NEW Oxford United chairman Darryl Eales has a simple solution for any supporters sceptical of his intentions – just ask him.
The prospect of a private equity expert from Birmingham suddenly becoming interested in the club raised suspicion in some quarters.
But after acquiring a significant stake in the club, described as between 30 and 50 per cent, he was keen to make assurances and spoke frankly about what motivated the move.
Eales said he wants to be part of United’s long-term plan, which means putting money in, rather than taking it out.
“You read some blogs talking about ‘is he going to take money out of the club?’,” he said.
“I’m thinking ‘if I wanted to make sensible investments you wouldn’t choose football’.
“I would say to supporters, ‘come and speak to me’.
“If you want to know my views on something, come and ask me because I’m new to all this, but I think people who have worked for me will say what you see is what you get.
“I don’t have agendas, politics I really dislike and I’m completely open.”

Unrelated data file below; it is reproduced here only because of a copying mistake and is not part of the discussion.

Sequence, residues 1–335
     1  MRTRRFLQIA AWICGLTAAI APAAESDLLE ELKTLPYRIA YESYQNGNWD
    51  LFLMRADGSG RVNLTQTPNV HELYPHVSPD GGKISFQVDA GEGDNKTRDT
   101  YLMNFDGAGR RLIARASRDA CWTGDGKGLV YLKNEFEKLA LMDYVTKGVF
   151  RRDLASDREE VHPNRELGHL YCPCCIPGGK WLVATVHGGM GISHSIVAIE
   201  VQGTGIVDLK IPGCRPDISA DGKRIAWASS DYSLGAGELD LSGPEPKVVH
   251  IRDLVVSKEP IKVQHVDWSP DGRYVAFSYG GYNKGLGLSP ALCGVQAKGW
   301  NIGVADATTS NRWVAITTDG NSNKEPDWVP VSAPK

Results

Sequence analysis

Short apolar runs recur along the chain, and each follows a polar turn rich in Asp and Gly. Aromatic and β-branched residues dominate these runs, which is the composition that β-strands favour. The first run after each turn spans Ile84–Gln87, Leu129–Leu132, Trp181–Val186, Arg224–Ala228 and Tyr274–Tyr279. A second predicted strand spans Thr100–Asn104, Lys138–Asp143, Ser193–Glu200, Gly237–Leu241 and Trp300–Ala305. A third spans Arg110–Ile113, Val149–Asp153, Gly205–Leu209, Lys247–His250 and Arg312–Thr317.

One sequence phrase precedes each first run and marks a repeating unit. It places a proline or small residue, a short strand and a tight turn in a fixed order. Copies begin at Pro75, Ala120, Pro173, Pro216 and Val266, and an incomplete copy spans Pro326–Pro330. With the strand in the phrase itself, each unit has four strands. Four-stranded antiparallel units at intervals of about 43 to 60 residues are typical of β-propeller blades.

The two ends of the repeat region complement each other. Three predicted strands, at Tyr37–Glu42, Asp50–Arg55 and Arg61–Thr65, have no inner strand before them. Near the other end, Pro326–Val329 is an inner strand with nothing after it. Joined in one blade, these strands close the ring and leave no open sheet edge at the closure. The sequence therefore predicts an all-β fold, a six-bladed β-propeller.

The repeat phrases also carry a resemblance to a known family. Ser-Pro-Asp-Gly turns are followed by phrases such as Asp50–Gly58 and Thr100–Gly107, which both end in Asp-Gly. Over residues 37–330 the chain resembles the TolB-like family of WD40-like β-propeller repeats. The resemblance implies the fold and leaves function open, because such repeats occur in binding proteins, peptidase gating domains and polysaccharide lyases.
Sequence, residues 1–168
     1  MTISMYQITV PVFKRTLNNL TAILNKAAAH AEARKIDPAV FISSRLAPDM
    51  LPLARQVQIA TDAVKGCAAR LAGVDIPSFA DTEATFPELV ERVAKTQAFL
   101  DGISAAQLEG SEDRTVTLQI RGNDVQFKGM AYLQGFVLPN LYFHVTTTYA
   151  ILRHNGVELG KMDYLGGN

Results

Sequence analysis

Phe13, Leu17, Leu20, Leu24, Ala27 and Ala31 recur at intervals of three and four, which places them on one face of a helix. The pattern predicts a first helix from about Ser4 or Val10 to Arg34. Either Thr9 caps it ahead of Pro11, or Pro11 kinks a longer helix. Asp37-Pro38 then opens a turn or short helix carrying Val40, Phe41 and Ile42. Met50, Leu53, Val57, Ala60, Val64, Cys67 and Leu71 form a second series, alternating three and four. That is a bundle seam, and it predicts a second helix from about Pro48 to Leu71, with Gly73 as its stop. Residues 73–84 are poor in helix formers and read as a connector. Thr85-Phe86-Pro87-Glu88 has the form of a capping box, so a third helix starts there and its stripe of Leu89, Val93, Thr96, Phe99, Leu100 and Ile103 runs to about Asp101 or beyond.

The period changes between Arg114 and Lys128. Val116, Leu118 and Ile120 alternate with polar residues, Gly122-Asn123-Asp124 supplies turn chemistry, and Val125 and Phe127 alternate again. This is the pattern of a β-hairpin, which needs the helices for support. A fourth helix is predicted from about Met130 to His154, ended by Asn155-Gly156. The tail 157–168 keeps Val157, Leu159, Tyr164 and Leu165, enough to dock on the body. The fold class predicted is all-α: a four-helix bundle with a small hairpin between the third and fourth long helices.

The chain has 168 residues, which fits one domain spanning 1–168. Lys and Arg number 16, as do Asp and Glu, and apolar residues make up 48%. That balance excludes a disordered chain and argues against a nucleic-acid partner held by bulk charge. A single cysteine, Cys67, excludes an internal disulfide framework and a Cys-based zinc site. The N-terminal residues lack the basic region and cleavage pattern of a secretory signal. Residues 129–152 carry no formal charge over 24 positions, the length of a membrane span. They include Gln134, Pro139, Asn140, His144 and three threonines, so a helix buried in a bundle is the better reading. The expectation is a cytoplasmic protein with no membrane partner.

He added: “I don’t regard football as a business, but it’s got to make sense economically.
“I’m not looking to make money out of this, but I’m not looking to lose money either.
“If we started earning a profit as a business – and clearly it’s loss-making at the moment – I’m very happy for 100 per cent of that to be reinvested in the club.
“You can be the judge of this, but I don’t think I’ve got a big ego, so I’m not doing this for a big ego trip.
“I’m doing this to test myself in a different arena – in the sport I love.”
Top of the 53-year-old’s ‘to do’ list is make funds available to help Michael Appleton, who has replaced Gary Waddock as head coach, strengthen the squad.
Discussions have already taken place with incoming chief executive Mark Ashton, but it will not be a spending spree.
He said: “I’ve said to Mark, within sensible bounds, tell me what you need from a playing perspective and I’ll flex it.
“That’s not millions – I might say ‘you’ve got an extra £250,000 to spend’.”
Patient progress is the aim of the game for the new chairman, who briefly considered getting involved with Birmingham City 18 months ago before deciding against investing in the club he supports.
Eales is confident United have what it takes to move up the football pyramid, but stopped short of setting a deadline.
He said: “Realistically, to me this should be a sustainable Championship club.
“That’s what we’ve talked about, but what I think is foolhardy is to say we’re going to do that within three or five years.
“That’s just your inspiration, and all our efforts will be on trying to achieve that.”